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Progger 07-04-2013 01:02 PM

Saving a too sweet beer
 
Iīve done pretty much the same kind of Pale Ale since day one, except that for the last 4 batches I used S-33 yeast instead of Windsor or US-05 which I usually use. I was attempting to have a fruity, Belgian like kind of flavor to it.

I bottled one batch and after 2 weeks the flavor is definitely fruity, too fruity for my taste. Itīs not overwhelming but it certainly does need a hopier balance. I can taste the bitterness but itīs not enough. I canīt even call it a Pale Ale as it is.

I canīt do anything about this bottled batch, but I still have three in primary fermentation with exactly the same recipe. Whatever I do on my next batches is not my concern, my concern right now is how can I bitter up the batches in fermentation.

I read someone once, saying he boiled hops, cooled the liquid and added the whole thing into the fermenter. What do you think about that?. Would it work?. I wouldnīt be attempting to get any hop profile or anything. Iīm just looking to out-sweet the beer. Just to kill that overly sweet taste and be able to drink more than one beer without feeling I just had a 350ml liquid caramel.

BigFloyd 07-04-2013 02:00 PM

Have you considered dry-hopping it in the fermenter for about 5 days before bottling?

two_one_seven 07-04-2013 02:45 PM

Dry hopping will help some but it won't add very much in the bittering department. The hop nose will distract from the sweetness of the beer.

What you describe is called making a hop tea and yes it would help.

I am curious about the reason that the beer is too sweet. Did it not finish or did you not add enough bittering hops?

Hernando 07-04-2013 02:52 PM

Quote:

Originally Posted by two_one_seven (Post 5325066)
What you describe is called making a hop tea and yes it would help.

This! FTW

Progger 07-04-2013 04:18 PM

Quote:

Originally Posted by two_one_seven (Post 5325066)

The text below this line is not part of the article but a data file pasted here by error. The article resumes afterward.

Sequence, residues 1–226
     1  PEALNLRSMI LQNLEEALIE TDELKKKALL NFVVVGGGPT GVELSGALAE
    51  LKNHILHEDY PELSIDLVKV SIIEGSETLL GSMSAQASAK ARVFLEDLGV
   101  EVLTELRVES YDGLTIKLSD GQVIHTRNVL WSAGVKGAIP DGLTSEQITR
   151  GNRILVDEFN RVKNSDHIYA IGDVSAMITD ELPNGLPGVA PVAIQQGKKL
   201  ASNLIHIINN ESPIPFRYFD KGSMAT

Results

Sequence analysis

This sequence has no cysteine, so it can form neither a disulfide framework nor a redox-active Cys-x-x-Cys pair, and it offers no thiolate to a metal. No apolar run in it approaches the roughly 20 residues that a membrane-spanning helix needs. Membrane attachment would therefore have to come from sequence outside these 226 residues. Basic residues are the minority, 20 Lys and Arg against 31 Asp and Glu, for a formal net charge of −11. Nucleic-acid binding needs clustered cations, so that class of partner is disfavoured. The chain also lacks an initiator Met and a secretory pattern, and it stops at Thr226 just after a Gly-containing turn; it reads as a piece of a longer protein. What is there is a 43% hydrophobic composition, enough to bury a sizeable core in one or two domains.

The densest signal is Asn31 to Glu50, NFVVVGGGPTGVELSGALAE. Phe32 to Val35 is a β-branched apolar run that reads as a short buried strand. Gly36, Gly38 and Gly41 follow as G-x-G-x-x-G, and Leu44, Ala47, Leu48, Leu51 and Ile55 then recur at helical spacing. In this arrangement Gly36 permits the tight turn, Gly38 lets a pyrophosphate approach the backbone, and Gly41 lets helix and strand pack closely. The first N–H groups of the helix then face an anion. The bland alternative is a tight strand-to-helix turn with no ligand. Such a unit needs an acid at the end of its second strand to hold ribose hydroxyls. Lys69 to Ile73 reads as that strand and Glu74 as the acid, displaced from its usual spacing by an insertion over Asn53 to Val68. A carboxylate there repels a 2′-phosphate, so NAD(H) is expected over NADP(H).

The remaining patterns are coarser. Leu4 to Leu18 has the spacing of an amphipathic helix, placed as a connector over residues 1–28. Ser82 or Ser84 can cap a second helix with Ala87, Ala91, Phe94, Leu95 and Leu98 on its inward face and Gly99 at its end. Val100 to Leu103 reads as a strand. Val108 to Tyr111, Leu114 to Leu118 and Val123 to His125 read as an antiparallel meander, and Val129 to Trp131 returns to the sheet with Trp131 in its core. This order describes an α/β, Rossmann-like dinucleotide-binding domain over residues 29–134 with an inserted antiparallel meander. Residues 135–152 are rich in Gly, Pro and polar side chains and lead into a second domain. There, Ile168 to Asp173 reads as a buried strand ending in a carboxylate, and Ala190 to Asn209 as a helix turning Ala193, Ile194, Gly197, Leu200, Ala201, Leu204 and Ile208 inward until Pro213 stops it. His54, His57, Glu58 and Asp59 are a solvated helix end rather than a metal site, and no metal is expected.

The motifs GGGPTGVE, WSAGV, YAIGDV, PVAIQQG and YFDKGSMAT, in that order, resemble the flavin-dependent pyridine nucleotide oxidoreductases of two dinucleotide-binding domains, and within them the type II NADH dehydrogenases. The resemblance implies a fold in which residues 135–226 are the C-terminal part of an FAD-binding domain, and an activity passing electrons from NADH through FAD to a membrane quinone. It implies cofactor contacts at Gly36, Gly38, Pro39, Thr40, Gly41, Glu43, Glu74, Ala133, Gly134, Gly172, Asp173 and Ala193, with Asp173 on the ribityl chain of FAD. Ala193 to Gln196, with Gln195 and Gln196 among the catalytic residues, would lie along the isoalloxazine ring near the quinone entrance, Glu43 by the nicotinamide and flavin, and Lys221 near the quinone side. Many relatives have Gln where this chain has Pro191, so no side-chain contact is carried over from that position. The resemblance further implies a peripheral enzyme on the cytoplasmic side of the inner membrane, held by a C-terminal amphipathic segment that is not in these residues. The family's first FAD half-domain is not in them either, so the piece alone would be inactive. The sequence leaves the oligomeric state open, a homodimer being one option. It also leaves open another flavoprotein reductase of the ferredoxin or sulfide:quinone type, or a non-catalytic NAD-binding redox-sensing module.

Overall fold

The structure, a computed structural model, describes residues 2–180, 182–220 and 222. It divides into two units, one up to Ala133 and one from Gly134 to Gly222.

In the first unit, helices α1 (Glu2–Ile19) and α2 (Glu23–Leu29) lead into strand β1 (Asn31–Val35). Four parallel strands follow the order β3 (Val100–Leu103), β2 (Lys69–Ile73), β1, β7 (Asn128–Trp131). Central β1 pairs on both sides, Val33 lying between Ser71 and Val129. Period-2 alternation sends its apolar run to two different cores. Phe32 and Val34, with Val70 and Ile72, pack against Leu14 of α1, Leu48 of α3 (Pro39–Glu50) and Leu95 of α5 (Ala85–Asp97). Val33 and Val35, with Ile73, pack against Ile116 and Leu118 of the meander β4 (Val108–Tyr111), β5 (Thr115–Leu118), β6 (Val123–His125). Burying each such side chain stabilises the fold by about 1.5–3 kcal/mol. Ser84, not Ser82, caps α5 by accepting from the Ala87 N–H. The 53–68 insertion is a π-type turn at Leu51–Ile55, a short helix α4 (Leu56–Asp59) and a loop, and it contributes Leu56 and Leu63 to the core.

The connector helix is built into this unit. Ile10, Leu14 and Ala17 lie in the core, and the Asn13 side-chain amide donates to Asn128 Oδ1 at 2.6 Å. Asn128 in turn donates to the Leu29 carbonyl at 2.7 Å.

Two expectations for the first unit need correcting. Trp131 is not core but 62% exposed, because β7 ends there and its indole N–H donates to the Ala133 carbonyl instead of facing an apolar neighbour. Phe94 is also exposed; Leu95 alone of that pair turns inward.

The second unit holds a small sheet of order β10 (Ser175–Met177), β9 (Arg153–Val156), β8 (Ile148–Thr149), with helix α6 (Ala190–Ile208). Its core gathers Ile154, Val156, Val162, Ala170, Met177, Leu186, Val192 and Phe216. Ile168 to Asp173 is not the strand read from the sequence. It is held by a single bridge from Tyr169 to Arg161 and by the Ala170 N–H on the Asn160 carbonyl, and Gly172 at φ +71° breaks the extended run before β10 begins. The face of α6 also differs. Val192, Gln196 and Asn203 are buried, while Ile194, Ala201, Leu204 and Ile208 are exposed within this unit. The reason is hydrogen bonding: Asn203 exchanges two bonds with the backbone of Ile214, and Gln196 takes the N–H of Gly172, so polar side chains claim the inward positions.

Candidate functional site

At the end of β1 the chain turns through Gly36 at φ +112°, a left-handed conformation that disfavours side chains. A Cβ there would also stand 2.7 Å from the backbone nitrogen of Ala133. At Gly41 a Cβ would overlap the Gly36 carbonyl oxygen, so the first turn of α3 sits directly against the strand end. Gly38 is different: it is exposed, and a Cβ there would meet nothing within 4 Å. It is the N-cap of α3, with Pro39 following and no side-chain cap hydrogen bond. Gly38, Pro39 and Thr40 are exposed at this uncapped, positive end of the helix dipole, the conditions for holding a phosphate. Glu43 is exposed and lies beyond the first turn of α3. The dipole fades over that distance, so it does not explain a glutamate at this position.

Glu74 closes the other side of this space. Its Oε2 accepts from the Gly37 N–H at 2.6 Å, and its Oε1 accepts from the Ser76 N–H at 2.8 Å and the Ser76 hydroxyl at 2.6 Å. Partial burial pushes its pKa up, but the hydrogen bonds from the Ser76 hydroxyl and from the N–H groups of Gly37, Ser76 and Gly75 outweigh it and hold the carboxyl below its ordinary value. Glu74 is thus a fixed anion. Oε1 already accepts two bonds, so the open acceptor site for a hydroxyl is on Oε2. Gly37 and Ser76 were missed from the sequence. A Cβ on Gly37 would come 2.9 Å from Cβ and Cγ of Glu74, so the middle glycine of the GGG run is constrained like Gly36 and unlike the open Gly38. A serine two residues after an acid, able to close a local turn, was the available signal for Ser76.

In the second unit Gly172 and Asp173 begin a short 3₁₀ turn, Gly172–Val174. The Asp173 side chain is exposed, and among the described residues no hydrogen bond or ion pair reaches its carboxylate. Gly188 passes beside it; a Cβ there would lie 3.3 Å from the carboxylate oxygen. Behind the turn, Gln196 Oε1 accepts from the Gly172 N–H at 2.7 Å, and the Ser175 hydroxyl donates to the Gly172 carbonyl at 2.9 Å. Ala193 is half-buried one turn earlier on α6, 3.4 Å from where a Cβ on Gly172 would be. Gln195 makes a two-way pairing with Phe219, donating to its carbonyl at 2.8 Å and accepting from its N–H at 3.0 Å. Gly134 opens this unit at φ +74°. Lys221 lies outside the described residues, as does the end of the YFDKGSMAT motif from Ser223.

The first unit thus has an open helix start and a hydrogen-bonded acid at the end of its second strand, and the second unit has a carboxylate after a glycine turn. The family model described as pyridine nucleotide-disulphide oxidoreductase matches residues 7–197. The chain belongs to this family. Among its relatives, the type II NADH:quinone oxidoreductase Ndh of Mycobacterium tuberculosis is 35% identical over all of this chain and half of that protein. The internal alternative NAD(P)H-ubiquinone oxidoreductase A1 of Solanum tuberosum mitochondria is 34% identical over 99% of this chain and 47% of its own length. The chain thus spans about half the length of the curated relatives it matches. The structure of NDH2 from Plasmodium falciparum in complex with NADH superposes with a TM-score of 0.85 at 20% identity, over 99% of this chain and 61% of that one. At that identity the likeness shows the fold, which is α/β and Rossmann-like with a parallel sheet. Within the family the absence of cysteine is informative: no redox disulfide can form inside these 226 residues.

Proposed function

Dry hopping will help some but it won't add very much in the bittering department. The hop nose will distract from the sweetness of the beer.

What you describe is called making a hop tea and yes it would help.

I am curious about the reason that the beer is too sweet. Did it not finish or did you not add enough bittering hops?

I will try that, then.

I think it feels sweet due to the kind of yeast. Probably, rather than sweet, it is too fruity. Iīm not sure.

The recipe is for 26 quarts in the fermenter. I used 10.55 lb of 2row and .555 lbs of caramel 40
1 oz of centennial at 60
1 oz of Cascade at 10
S-33 yeast

OG 1.056
FG 1.010

So, according to the OG and FG, the beer is not sweet because of low attenuation. I was not all that familiar with this yeast and the fruity effect I was looking for was maybe too much.

Next time Iīll go for a lower gravity, add Vienna or Munich instead of half that caramel 40 (or more than half) and add one 1.75 oz of hops more attempting a hoppier beer, closer to a typical Pale Ale but with a Belgian character. I think it should work.

Meanwhile, Iīll do one of those hop teas. Thank you!!!

two_one_seven 07-04-2013 04:32 PM

Did a quick google search, cause I haven't used the S-33 and was curious about it, and I guess this yeast is known for giving fruit notes......so that's most likely the culprit.


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